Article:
Debra J. Saunders
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 Why does PETA kill animals that might otherwise find a home? I repeatedly phoned PETA, but I never reached an official who would answer my questions. PETA's website spun the story under the banner, "PETA helping animals in North Carolina," with an emphasis on its efforts to "solve the animal overpopulation in North Carolina."

 Here's more: "PETA has provided euthanasia services to various counties in that state to prevent animals from being shot with a .22 behind a shed or gassed in windowless metal boxes -- both practices that were carried out until PETA volunteered to provide painless death for the animals." Make that painless deaths for animals that could have found love.

 Besides, PETA always has been about killing animals. A 2003 New Yorker profile included PETA top dog Ingrid Newkirk's story of how she became involved in animal rights after a shelter put down stray kittens she brought there. So she went to work for an animal shelter in the 1970s, where, she explained: "I would go to work early, before anyone got there, and I would just kill the animals myself. Because I couldn't stand to let them go through (other workers abusing the animals). I must have killed a thousand of them, sometimes dozens every day."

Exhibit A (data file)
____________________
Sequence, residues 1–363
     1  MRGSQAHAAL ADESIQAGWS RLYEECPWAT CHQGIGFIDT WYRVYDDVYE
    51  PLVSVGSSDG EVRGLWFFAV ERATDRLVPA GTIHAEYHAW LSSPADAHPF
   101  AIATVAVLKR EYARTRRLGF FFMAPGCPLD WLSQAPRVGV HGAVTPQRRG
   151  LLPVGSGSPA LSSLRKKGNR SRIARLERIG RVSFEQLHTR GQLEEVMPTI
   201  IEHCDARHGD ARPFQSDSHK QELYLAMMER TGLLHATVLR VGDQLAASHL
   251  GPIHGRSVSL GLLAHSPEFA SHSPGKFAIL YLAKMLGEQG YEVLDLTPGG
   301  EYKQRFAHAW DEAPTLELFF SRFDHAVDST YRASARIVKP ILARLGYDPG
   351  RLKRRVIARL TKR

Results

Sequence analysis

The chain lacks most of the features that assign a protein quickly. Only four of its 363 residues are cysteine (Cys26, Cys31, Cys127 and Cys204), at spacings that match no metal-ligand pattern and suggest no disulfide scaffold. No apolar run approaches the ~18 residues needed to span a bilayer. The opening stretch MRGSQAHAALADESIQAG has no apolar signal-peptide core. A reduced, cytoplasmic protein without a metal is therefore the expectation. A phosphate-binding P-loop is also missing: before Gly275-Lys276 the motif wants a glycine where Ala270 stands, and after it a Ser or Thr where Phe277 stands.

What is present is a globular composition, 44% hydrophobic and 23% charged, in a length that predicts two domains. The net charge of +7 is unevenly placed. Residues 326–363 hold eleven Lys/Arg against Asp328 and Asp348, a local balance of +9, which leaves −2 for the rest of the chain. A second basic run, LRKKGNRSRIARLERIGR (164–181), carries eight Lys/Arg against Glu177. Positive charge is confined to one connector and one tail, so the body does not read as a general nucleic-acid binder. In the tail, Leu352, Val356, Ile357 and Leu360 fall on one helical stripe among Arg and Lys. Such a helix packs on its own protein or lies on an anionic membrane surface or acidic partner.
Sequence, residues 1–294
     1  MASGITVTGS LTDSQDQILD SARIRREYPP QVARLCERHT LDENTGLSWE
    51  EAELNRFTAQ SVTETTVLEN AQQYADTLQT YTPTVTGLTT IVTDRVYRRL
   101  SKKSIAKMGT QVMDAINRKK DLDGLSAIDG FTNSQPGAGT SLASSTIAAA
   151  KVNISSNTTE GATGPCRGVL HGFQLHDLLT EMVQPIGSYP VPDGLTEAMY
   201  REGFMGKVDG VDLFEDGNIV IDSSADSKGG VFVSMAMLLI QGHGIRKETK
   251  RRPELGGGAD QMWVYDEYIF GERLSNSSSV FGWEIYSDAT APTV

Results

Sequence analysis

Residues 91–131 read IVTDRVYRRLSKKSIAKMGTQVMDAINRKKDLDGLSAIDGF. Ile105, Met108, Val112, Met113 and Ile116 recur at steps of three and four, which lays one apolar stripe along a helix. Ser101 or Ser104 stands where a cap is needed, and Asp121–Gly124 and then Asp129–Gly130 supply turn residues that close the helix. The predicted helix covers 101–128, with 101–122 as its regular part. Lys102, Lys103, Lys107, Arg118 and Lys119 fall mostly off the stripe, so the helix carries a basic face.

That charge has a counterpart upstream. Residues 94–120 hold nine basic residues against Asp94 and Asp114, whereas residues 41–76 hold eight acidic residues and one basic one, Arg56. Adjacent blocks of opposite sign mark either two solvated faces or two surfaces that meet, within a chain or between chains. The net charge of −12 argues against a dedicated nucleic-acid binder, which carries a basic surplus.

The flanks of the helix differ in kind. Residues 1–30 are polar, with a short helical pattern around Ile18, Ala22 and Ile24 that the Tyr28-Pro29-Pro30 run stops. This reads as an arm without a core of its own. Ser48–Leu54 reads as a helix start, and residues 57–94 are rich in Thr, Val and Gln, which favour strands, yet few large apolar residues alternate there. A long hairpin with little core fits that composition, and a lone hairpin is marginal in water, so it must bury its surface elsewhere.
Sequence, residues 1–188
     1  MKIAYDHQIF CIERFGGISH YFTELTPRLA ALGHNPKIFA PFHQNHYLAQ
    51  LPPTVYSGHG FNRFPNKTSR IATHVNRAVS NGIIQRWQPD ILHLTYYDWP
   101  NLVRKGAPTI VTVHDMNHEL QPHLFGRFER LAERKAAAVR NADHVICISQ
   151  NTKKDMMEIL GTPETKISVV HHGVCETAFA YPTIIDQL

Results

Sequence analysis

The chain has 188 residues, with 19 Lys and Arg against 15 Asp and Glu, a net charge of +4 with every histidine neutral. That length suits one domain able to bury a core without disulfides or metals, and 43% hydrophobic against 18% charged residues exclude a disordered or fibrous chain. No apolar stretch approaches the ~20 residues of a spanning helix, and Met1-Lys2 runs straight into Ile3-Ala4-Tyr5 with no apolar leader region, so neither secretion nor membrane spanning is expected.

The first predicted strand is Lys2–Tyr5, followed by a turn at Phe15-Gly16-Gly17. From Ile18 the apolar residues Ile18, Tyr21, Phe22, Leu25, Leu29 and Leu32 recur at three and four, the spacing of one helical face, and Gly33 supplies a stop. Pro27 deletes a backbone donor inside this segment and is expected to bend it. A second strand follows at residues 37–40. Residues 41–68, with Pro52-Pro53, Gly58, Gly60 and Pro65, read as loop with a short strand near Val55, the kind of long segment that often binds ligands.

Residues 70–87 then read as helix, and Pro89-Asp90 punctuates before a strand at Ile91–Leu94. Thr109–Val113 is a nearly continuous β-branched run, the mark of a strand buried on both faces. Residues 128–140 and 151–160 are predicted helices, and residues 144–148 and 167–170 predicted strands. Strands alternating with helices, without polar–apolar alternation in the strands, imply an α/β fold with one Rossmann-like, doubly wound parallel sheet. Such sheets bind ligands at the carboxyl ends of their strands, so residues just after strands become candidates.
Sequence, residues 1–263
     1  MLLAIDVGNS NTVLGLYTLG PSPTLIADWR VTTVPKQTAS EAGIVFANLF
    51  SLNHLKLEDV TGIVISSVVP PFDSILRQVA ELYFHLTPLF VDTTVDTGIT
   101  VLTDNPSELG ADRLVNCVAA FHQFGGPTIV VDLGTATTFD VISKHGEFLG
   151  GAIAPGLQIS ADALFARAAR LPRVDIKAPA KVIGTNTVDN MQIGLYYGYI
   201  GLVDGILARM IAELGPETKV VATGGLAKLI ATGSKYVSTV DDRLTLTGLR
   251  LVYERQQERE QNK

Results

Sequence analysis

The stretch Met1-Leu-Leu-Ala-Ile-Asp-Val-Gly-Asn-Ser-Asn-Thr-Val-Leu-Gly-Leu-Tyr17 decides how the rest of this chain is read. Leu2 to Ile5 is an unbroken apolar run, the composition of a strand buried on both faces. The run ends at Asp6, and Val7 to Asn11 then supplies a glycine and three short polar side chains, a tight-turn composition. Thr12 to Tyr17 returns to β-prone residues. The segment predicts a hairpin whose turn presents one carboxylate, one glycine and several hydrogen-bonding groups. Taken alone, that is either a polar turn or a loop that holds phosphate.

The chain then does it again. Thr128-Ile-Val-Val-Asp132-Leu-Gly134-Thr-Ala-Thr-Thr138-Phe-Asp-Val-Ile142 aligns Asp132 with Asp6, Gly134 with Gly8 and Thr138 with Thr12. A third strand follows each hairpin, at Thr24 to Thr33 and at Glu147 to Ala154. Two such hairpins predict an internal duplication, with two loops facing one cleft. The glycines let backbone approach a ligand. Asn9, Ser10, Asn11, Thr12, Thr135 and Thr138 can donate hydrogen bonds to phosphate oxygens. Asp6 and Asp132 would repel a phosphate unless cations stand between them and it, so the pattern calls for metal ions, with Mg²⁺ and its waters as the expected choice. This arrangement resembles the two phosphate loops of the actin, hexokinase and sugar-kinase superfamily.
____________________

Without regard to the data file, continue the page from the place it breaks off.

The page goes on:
That's right. PETA assails other parties for killing animals for food or research. Then it kills animals -- but for really important reasons, like because it has run out of room.

 Martosko hopes animal lovers will learn that their donations will do more good at a local animal shelter than at PETA. "For years," he added, "we thought that PETA just cared for animals more than they cared for humans. But now it seems they don't care much for either."

 No lie about not caring for people. In 2003, Newkirk hectored late Palestinian leader Yasser Arafat because a terrorist blew up a donkey in an attempt to blow up people. Newkirk also told The New Yorker the world would be a better place without people. She explained why she had herself sterilized: "I am opposed to having children. Having a purebred human baby is like having a purebred dog -- it's nothing but vanity, human vanity."

 Now you know. People for the Ethical Treatment of Animals doesn't really like people. PETA has no use for ethics. And PETA kills animals.

***
 Note to readers: My husband, Wesley J. Smith, is a senior fellow on animal rights issues at the Discovery Institute.

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Debra J. Saunders


 
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